There have been attempts to cinematically capture the process of immigration and assimilation of our sub-continentals in another culture. But none has been as much of a milestone as Mira Nair’s big screen adaptation of Jhumpa Lahiri’s book The Namesake.
Anyone who has travelled to America from this part of the world will realise and empathise with the lot of the immigrant who goes through a familiar cycle of bewilderment, observation and acceptance but not assimilation. That is left to later generations.
The first generation immigrant typically sees “home” on the shores left behind, whereas to the children who are born into the new culture see “home” is where they are.
As Glenn Kenny from Premiere Magazine observes, “In a most welcome rebound — after her lively, colourful, and largely insufferable version of Thackeray’s Vanity Fair, director Mira Nair tackles another literary adaptation — this time of a contemporary best-seller by Jhumpa Lahiri — and makes her best film yet. The Namesake is a thoroughly engaging, terrifically moving family story that’s rich in beautifully observed and lovingly conveyed human detail. It begins with Ashoke Ganguli (Irrfan Khan), on a train in India, explaining to a fellow passenger why he’s reading the stories of Nikolai Gogol, and ends with Ashoke’s son (Kal Penn) — the namesake of the title, who has been named Gogol, for reasons that are clarified as the story spans a generation — finally reading Gogol’s The Overcoat. ‘We all came out of Gogol’s overcoat,’ Ashoke is fond of quoting Dostoevsky, and one of the many nice things about Nair’s movie, which goes from the arranged marriage of Ashoke and Ashima (Tabu) to their lonely early days in America to the uneasy assimilation of their children and beyond, is that it will make you understand what Ashoke means even if you don’t know Gogol from Google. As for the details, they are abundant from the very beginning, as in an unforgettable moment when Ashima, about to meet her husband-to-be for the first time, sees his shoes on a mat outside the room and, bedazzled by the ‘Made in America’ engraved on their insoles, slyly and shyly steps into them, feeling them out. The lovely Tabu makes the moment palpable for the viewer. All of the performances in the movie are spectacular, but Penn’s transformation from petulant teen to smoothed-out, capable, but still self-absorbed adult could be one of the year’s finest pieces of acting. The story line becomes a little diffuse during the film’s last 30 minutes, but Nair’s deft handling of people and places (she shoots South Asia and the suburban northeast of the US with the same knowingness) creates a cumulative warmth, making one loath to leave the Ganguli family once the movie’s over.”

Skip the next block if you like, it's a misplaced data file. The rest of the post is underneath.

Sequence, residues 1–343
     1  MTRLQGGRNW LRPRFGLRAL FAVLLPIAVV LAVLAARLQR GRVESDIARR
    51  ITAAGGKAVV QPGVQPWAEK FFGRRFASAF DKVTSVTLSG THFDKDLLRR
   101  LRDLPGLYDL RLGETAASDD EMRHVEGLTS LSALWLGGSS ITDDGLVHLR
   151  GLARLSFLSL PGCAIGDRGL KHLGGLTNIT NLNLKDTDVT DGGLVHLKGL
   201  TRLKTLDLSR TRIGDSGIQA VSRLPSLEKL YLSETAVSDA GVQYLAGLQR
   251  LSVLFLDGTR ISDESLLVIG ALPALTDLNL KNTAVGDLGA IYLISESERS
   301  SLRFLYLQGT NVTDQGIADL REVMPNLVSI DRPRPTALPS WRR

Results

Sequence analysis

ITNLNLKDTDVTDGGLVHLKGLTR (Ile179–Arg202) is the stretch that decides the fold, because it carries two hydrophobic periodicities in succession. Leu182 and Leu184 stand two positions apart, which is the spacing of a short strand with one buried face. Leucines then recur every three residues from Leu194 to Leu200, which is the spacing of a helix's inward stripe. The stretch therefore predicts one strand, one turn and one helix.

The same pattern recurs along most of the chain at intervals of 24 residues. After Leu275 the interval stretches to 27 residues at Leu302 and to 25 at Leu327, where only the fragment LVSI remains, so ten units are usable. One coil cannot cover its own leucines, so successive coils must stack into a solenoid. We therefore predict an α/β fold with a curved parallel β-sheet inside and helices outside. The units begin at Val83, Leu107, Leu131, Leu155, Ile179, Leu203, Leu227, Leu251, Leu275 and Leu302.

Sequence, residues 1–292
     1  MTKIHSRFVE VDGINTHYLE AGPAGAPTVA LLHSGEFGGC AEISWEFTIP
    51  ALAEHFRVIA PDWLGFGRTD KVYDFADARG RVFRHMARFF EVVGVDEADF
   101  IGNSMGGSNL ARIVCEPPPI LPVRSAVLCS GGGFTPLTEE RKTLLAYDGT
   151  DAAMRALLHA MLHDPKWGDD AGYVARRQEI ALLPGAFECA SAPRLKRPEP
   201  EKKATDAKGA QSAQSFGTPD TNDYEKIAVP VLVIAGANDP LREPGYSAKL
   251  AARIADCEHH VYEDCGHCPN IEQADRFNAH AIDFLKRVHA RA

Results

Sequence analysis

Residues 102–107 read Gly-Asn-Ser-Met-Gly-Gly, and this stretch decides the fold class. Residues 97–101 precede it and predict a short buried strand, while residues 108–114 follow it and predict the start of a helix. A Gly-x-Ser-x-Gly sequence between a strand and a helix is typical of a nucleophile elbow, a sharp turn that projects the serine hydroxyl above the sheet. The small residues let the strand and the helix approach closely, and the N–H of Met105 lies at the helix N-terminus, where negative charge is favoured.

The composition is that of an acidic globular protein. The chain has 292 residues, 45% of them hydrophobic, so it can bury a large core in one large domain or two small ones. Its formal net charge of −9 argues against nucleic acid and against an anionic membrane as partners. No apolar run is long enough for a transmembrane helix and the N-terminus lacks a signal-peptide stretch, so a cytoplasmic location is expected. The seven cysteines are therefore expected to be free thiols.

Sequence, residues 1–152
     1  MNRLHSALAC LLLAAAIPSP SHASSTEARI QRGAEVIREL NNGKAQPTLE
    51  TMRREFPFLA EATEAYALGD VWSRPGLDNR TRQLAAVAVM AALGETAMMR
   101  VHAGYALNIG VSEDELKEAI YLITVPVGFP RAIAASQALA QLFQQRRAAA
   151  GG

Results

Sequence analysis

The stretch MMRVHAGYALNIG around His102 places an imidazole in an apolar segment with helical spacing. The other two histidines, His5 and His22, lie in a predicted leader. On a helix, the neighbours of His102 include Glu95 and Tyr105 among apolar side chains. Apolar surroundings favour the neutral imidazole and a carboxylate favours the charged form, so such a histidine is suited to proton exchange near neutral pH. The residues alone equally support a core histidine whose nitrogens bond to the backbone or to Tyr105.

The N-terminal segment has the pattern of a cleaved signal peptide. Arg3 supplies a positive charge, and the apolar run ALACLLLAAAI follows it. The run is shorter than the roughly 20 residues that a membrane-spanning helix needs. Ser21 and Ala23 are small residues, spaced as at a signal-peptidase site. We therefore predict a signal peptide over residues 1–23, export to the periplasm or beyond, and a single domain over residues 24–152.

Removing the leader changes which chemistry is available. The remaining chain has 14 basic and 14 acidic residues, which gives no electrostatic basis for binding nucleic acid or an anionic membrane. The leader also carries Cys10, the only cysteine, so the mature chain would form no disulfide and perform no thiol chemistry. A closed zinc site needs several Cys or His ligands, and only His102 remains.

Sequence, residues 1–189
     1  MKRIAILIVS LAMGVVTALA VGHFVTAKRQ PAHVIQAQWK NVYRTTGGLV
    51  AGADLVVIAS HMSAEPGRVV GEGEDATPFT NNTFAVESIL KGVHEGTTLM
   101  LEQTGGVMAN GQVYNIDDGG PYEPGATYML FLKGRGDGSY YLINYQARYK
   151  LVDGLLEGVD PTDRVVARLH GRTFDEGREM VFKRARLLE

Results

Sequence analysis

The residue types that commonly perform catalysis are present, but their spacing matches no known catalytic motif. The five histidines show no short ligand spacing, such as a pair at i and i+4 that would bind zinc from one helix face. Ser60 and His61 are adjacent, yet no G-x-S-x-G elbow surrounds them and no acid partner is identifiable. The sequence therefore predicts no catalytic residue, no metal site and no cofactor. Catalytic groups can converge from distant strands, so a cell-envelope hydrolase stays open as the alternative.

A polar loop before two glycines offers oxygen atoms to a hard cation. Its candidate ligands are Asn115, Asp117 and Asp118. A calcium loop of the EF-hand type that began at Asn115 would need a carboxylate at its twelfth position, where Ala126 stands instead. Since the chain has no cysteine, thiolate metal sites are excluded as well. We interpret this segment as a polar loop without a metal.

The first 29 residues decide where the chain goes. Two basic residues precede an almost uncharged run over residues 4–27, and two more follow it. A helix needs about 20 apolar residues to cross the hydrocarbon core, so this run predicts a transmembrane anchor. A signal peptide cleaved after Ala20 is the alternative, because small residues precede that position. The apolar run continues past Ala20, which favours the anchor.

Adds Robert Sims, “Nair clearly has a greater appreciation than her peers of The Namesake’s exploration of cultural heritage versus cultural assimilation. That’s evident in the delicate manner in which she presents Gogol’s transformation from a sullen and uninterested teenager to a man willing to accept his family’s past as he plans for his future. She also handles Gogol’s complicated relationships with his family — especially with his father — with clarity, purpose and warmth.”
For me the story, in its feeling, is best summed up by actress Tabu’s wordless Indian classical song which portrays all the feelings of the Ganguli family from their venture and stay abroad, from uncertainty to a kind of acceptance, from joy to sorrow and ultimately to the understanding that each of us must find our own ways however close we are to one another.